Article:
have the powers to deal with such complaints.

15. We do not however, think that on the materials placed before us, we can direct an
investigation by the CBI as prayed for in the writ petition because as rightly apprehended
by the petitioner there are legal barriers to an investigation by the CBI. A plain reading of
Section 157 of the Code of Criminal Procedure, 1973 shows that if, from information
received or otherwise, an Officer in Charge of a Police Station has reason to suspect the
commission of an offence which he is empowered under Section 156 to investigate, he
shall forthwith send a report of the same to a Magistrate empowered to take cognizance
of such offence upon a police report and shall proceed in person, or shall depute one of
his subordinate officers to proceed, to the spot, to investigate the facts and circumstances
of the case.

16. Unless, therefore, the information received or otherwise discloses commission of


offences, the CBI should not be directed to investigate. In the instant case, we find that
there are references to a number of complaints of fake registration as well as to the
statistics of FIRs filed in different police stations alleging fake registration and there are
also reference to allegations of other irregularities and corruption, but the FIRs or the
complaints are not before the Court. On the basis of the information furnished in the writ
petition, replies and rejoinder along with annexures thereto, it is difficult for us to hold
that there is reason to suspect the commission of offences under the Indian Penal Code or
any other law. It is only when more facts and more materials come to light through a fact
finding inquiry that the Court can take a view whether there is reason to suspect the
commission of offences under the Indian Penal Code or any other law. At this stage,
therefore, we cannot direct investigation by the CBI as prayed for in the writ petition.

17. In State of Karnataka v. Arun Kumar Agarwal and Ors. MANU/SC/0773/1999 :


AIR2000SC411 , various allegations were made in the writ petition in respect of
allotment of power project by the Karnataka Electricity Board to Mangalore Power
Corporation and a prayer was also made by the petitioners seeking investigation by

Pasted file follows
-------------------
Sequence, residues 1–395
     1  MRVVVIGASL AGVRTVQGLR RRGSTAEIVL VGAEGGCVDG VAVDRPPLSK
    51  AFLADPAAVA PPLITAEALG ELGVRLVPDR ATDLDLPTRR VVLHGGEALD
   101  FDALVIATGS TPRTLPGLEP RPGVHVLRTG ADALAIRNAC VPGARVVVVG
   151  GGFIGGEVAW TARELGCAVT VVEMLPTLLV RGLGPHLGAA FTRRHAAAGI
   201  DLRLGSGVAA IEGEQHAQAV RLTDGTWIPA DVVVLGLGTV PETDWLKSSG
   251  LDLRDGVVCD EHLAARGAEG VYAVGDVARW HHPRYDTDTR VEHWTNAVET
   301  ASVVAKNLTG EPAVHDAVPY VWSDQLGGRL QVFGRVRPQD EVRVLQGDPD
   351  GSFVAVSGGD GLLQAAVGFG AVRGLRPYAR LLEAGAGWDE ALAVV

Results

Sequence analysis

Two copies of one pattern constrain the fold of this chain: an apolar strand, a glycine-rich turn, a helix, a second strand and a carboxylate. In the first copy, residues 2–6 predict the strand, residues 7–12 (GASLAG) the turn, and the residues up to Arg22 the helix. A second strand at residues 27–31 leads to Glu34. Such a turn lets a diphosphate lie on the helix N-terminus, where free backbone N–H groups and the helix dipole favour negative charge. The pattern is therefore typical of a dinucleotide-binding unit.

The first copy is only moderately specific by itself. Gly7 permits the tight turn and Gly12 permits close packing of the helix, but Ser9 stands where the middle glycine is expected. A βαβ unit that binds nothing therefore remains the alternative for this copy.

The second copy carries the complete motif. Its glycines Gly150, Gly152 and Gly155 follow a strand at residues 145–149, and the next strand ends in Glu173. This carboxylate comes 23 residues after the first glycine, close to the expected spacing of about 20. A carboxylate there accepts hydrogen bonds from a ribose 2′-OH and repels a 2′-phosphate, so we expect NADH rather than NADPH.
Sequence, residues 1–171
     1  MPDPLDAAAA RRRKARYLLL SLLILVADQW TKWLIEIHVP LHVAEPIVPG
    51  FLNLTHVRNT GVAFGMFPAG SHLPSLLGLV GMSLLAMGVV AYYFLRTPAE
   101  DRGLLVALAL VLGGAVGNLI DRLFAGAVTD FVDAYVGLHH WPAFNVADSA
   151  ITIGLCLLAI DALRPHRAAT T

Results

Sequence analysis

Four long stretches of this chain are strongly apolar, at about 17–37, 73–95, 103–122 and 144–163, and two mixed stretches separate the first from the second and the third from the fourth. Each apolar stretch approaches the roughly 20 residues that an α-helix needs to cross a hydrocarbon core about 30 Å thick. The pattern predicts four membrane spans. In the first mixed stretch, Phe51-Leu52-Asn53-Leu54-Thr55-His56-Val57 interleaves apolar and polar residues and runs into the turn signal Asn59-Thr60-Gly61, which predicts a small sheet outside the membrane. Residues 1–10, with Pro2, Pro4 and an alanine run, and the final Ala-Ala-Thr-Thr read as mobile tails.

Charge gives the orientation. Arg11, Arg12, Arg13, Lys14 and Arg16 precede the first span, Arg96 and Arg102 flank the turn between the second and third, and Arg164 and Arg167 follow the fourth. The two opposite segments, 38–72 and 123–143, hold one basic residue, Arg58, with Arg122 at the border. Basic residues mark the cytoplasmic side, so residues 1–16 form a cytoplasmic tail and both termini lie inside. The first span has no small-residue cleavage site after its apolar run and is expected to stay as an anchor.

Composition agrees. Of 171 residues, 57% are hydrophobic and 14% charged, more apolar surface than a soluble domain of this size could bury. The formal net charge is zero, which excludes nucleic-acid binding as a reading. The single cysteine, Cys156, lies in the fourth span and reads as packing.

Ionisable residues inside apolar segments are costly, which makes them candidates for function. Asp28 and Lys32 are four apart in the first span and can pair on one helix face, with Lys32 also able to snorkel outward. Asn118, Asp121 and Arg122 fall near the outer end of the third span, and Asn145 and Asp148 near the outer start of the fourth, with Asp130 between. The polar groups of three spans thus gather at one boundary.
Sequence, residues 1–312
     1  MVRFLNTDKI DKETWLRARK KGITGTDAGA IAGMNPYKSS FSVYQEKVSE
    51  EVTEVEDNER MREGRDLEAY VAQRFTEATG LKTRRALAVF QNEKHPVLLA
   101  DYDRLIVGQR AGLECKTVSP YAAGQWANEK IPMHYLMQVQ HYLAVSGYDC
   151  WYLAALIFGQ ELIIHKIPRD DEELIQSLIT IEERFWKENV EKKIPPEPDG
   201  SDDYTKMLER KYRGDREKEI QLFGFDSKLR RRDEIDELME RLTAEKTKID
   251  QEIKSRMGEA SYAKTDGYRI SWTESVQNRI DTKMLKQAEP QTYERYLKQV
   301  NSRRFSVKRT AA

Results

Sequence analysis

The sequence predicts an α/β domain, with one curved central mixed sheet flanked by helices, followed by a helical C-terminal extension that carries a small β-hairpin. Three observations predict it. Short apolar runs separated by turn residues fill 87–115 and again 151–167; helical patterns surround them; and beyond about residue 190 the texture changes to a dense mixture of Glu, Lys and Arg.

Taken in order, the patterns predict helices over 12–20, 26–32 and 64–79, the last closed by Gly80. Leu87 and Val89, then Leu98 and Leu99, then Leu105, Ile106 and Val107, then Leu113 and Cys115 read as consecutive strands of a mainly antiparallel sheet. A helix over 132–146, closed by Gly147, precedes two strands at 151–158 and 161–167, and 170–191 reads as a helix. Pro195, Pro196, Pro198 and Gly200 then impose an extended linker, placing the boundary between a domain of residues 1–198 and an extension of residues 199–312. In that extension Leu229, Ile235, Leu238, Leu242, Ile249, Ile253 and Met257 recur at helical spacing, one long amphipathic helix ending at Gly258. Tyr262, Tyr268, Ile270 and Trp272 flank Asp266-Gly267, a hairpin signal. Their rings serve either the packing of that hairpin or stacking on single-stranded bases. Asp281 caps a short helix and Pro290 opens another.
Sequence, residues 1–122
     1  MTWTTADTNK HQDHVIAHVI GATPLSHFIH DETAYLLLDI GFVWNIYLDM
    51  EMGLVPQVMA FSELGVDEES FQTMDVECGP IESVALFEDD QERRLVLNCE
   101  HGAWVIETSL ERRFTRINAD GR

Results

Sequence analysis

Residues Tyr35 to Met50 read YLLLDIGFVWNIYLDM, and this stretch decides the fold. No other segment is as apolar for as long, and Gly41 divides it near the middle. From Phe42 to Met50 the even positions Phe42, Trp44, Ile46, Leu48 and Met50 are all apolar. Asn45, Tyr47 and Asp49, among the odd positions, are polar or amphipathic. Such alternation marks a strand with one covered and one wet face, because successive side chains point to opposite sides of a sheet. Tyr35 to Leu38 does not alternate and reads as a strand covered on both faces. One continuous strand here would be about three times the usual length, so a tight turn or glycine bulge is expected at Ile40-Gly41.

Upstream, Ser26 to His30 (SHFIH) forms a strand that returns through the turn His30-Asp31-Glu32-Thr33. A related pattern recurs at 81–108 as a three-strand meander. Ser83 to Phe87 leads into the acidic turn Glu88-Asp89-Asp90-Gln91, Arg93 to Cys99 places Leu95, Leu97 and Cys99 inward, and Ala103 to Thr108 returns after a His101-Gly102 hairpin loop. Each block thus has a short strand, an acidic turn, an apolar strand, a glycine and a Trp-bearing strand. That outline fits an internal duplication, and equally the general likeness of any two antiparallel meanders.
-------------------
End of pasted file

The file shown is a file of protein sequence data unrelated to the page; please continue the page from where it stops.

appropriate agencies into the allegations and seeking initiation of criminal proceedings
against the guilty persons as per law and the High Court of Karnataka directed the State
of Karnataka to get an FIR registered with the CBI under the provisions of Delhi Special
Police Establishment Act for various cognizable offences without naming any person or
group of persons as accused and further directed that the Director General of the CBI
shall direct the investigation to be conducted by an officer under the supervision and
control of an officer not below the rank of Deputy Director General of the CBI. The State
Government of Karnataka carried the matter to Supreme Court in a Special Leave
Petition and the Supreme Court while setting aside the order made by the High Court and
allowing the appeal observed:

The acts of persons will not be subject of criminal investigation unless a crime is reported
to have been committed or reasonable suspicion thereto arises. On mere conjecture or
surmise as a flight of fancy that some crime might have been committed, somewhere, by
somebody but the crime is not known, the persons involved in it or the place of crime
unknown, cannot be termed to be reasonable basis at all for starting a criminal
investigation. However, condemnable be the nature or extent of corruption in the country,
not all acts could be said to fall in that category. The attempt made by the High Court in
this case appears to us to be in the nature of blind shot fired in the dark without even
knowing whether there is a prey at all. That may create sound and fury but not result in
hunting down the prey.

18. The respondents have however stated in their additional return that me General
Administration Department has already issued a notification dated 18-7-2008 appointing
Shri N.C. Nagraj, a Retired District & Sessions Judge, as a single man Commission of
Inquiry to inquire into the allegation of preparation and submission of fake registration in
Badwani, Dhar, Dewas and Khargone Districts in the year 2006-07 under the SRP for P
AFs/P APs of Sardar Sarovar Project in exercise of powers under Section 3 of the
Commissions of Inquiry Act, 1952. The contention of Ms. Patkar that an appointment of
the Commission under Section 3 of the Commissions of Inquiry Act, 1952, can only be
pursuant to the resolution of the Legislature of the State, is not correct. Section 3 of the
Commissions of Inquiry Act, 1952 (for short 'the 1952 Act'), is quoted hereinbelow:

Section 3. Appointment of Commission.- (1) The Appropriate Government may, if it is of


opinion that it is necessary so to do, and shall, if a resolution in this behalf is passed by
each House of Parliament or, as the case may be, the Legislature of the State, by
notification in the Official Gazette, appoint a Commission of Inquiry for the purpose of
making any inquiry into any definite matter of public importance and performing such
functions and within such time as may be specified in the notification, and the
Commission so appointed shall make the inquiry and perform the functions accordingly: